Using weight gainer powder on the trail
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daniel B
(dbogey) - F

Locale: East Coast
Using weight gainer powder on the trail on 02/03/2012 08:54:27 MST Print View

Wondering if anyone has used products such as Muscletech Mass-Tech Powder, Cookies & Cream http://www.amazon.com/Muscletech-Mass-Tech-Powder-Cookies-Pounds/dp/B002W1PWLC/ref=pd_sim_hpc_4
as a supplement for meals. What would be the drawbacks of using something like this?

drowning in spam
(leaftye) - F

Locale: SoCal
Re: Using weight gainer powder on the trail on 02/03/2012 09:00:35 MST Print View

They use crap sources for carbohydrates. They probably use maltodextrin for their sugar, and claim it's a complex carbohydrate, but its glycemic index is just as bad as any sucrose.

Nick Gatel
(ngatel) - MLife

Locale: Southern California
Re: Re: Using weight gainer powder on the trail on 02/03/2012 09:10:04 MST Print View

I have always had a mental aversion to eating chemicals. Even the additives to food don't thrill me, which is why I have switched to a Paleo diet. The conundrum now is to find the right mix of foods that won't be excessively heavy when hiking, and a dehydrator seems to be a huge part of the solution to this dilemma.

Hiking Malto
(gg-man) - F
Re: Re: Using weight gainer powder on the trail on 02/03/2012 09:46:24 MST Print View

"They use crap sources for carbohydrates. They probably use maltodextrin for their sugar, and claim it's a complex carbohydrate, but its glycemic index is just as bad as any sucrose."

Leaftye thinks Maltodextrin is bad. A large percentage of endurance athletes thinks it's good. You make the call. I trust the folks that can walk the walk or run the run or ride the ride.

Here's my take on this product. If you are looking for something to take during your hiking hours then I would look elsewhere. (Look at the ingredients in a product such as Hammer Perpetuem.) The product you listed has too high a ratio of protein to carbs for efficient hiking. Also, the 880 calories per 8 oz. is on the low end of the calories/oz range due to virtually no fat which is twice as calorie dense as proteins or carbohydrates.

Now, if you are looking to use this at the end of the day for recovery then this may be a good possibility in combination with the carbs in other food to recharge your system. Bottom line, IMHO, primarily carbs to hike, protein for recovery.

Michael Cockrell
(CAL-EE-FOR-NIA) - F

Locale: Central Valley, Lodi-Stockton, CA
Hammer agree! on 02/03/2012 10:13:19 MST Print View

I've used Hammer on all my long hikes 15-25mi days!

Nice to fuel & liquid from same bottle. Sustained Energy for the shorter 10-15mi, and Perpetuem for the longest outings.

I leave the 'real food' for after. Directly at car, I use Recoverite for the first few hours, then eat real food.

Tom Kirchner
(ouzel) - MLife

Locale: Pacific Northwest/Sierra
Re: Re: Re: Using weight gainer powder on the trail on 02/03/2012 10:41:35 MST Print View

"Leaftye thinks Maltodextrin is bad. A large percentage of endurance athletes thinks it's good. You make the call. I trust the folks that can walk the walk or run the run or ride the ride."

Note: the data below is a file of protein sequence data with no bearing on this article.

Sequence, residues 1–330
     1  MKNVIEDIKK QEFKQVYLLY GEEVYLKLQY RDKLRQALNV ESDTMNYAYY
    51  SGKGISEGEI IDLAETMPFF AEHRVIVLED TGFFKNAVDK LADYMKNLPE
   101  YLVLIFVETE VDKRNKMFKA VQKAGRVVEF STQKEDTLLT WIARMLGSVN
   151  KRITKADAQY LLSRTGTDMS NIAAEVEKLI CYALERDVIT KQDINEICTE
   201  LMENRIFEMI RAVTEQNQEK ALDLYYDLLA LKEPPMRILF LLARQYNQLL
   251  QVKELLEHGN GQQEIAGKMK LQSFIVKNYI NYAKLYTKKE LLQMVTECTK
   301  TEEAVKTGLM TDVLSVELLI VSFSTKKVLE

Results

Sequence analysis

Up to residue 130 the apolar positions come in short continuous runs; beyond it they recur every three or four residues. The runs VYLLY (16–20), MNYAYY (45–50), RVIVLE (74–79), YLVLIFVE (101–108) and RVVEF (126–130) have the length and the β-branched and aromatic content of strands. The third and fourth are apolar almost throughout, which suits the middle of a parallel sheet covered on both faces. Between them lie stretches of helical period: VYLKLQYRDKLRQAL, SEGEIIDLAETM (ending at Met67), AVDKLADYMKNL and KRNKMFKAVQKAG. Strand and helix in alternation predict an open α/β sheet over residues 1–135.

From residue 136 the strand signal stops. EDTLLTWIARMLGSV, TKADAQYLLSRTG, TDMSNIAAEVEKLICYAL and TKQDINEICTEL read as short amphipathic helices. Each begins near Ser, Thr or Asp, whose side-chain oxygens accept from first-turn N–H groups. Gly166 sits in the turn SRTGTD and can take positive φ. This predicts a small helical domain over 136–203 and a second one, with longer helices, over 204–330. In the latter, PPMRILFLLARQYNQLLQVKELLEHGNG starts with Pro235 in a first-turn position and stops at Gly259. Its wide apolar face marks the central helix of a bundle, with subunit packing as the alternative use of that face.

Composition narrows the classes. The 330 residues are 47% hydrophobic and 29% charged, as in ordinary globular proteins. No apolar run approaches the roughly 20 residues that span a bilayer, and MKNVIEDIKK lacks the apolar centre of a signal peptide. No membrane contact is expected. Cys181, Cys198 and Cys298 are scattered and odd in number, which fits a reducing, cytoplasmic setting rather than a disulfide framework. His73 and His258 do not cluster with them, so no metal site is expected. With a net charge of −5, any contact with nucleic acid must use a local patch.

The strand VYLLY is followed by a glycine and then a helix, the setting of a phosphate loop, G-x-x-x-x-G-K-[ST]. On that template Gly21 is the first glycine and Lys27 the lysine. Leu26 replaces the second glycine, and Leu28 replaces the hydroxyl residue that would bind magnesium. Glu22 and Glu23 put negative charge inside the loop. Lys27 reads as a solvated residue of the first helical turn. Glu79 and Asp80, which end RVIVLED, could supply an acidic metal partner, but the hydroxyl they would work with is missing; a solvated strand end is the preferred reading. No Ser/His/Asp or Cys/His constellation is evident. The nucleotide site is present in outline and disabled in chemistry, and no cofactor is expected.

+1

"Bottom line, IMHO, primarily carbs to hike, protein for recovery."

+100 You don't want to divert blood from the working muscles to digest complex molecules like proteins or fats while you're on the move. Carbs, including maltodextrin and other high G.I. carbs pass thru the stomach and small intestine walls very quickly to enter the bloodstream and get to the working muscles in a very short time. Save the vast majority of your fats and proteins for your evening meal and secondarily breakfast, IMO/IME. An added benefit of eating protein and fat at the end of the day is that the high amount of heat produced in digesting them will help keep you warm while you're sleeping.

Leslie Thurston
(lesler) - F

Locale: right here, right now
"Using weight gainer powder on the trail" on 02/03/2012 10:58:40 MST Print View

i recommend hemp, salba or chia seeds.
all are sound protein sources, nutritionally armed and
easily added to foods.
all add a nice texture( think: nutty type crunch) to bland camp foods.
lt

drowning in spam
(leaftye) - F

Locale: SoCal
Re: Re: Re: Re: Using weight gainer powder on the trail on 02/03/2012 11:51:03 MST Print View

Hey, if you guys like eating simple sugars and paying a premium for a brand name, then go for it. If I want to eat junk, I'm certainly not going to pay as much as you guys.

Hiking Malto
(gg-man) - F
Price for "junk" on 02/03/2012 14:49:23 MST Print View

"Hey, if you guys like eating simple sugars and paying a premium for a brand name, then go for it. If I want to eat junk, I'm certainly not going to pay as much as you guys."

I make my own mix for about $2.50/lb including electrolytes and flavoring. That is about $.42 for a 300 calorie serving.

And 80lbs. of this mix took me the whole way to Canada, along with other food of coarse. How did your EFA and OatMuscle diet work out for you?

ed hyatt
(edhyatt) - MLife

Locale: The North; UK
powders on 02/03/2012 15:17:06 MST Print View

I use Palatinose and instant oats (milled so fine they dissolve); they work really well for me as they just go in with water and 'top me up' all day. These are largely carb-based though....I'm not looking for protein (just add a little for recovery).

Only started doing this in the last few years as I have a throat problem.

Tom Kirchner
(ouzel) - MLife

Locale: Pacific Northwest/Sierra
Re: Re: Re: Re: Re: Using weight gainer powder on the trail on 02/03/2012 17:19:42 MST Print View

"Hey, if you guys like eating simple sugars and paying a premium for a brand name, then go for it."

Simple food for simple people, Eugene. It's part of simplifying one's life. Oh, and I second Greg's question: How DID your EFA and Oatmuscle work out for you? And how much did it cost?